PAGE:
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Packing refers to two topics in inventory management: boxing and packing, representing the process of putting items into boxes to be shipped, and case packing, defining the quantities and packaging of items that are included in a case.

Boxing and packing

Some companies pack items and ship them out all as a single step from the perspective inventory records, and other companies separate out the process into boxing and packing as the first step, and shipping as the second step.

The boxing and packing step removes the individual items from stock on hand, and adds in their place a packed shipment. The step also often includes a transfer of the packed shipment to a staging area for later shipping. In some types of businesses the packed shipments may remain in the staging area for months before shipping out to the customer. The second step, shipping, records that the packed shipment has been transferred from company storage.

The single step process that includes boxing and packing and shipping altogether is simply the combination of the two parts of the process all at once, and without the transfer to the interim storage location.

Case packing

Case packing defines the quantity of items that comprise a case. A case packing of 72/1 means 72 items in a single case, also abbreviated as simply 72.

In some inventory management systems you can keep track of cases of items separately from individuals in open stock, or eaches. However, even though the capability is available, you may choose not to use it because the additional complexity of keeping track of two numbers instead of one may outweigh the benefit.

If you deal just in cases, or just in open stock, then your inventory management choice is simple: just keep track of open stock or cases, whichever you use. Companies that deal in both cases and open stock, though, have a decision to make about how to keep their records.

Keeping track of cases and open stock separately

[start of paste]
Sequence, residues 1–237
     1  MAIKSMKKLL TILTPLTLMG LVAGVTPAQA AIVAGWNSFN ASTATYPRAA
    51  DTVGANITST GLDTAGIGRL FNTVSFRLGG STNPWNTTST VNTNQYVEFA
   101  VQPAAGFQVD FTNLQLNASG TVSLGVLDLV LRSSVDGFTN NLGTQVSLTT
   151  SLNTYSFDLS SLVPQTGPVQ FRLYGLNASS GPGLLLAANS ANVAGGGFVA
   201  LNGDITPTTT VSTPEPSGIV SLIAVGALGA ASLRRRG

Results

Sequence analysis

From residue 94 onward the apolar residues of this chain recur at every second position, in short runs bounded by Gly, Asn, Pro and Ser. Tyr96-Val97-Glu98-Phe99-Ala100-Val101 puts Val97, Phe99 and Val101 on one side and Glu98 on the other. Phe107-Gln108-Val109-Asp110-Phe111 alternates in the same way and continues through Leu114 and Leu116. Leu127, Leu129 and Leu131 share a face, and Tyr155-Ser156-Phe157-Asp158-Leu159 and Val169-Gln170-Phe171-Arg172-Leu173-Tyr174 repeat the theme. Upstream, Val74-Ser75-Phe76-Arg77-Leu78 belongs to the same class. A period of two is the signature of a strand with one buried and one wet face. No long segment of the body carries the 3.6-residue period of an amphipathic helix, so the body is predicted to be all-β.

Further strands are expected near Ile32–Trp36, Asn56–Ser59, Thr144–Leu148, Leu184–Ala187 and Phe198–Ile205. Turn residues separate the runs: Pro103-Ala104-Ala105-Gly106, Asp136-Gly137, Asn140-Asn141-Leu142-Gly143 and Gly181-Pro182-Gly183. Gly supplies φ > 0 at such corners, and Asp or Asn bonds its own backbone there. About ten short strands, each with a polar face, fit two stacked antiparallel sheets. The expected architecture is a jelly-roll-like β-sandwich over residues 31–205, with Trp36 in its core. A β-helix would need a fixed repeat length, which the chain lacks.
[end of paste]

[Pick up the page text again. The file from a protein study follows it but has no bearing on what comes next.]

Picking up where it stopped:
A little more explanation illuminates the trade offs. If you keep track of stock separately for cases and open stock, then when you sell items or buy items you will need to qualify whether the transaction quantities are in cases or eaches. Further, to ship an order for a large number of items that isn't a multiple of the case packing quantity, somewhere in the order handling process you need to reckon with the combination of full cases and additional open stock items that fill the order. For example, if your cases are packed 72/1, or 72 items per case, and you ship an order for 100 items, you may fulfill that order with one case of 72 plus 28 additional items from open stock. Or alternatively you could fill the order from 100 items all from open stock. If you are keeping track of cases and open stock separately, you need to specify what combination of cases and open stock items comprise the 100 items in the order so your records match what actually happens.

Keeping track of everything as open stock

If the distinction between open stock levels and case stock levels is important for your records, then specifying how you are fulfilling the orders is necessary and correct for keeping accurate records. However, it is extra work so if the distinction is not important to you then it may save time to keep track of everything as open stock.

Examples from Finale Inventory

Here is an example video of using Finale Inventory to keep track of returned items.

Boxing and packing

Case packing

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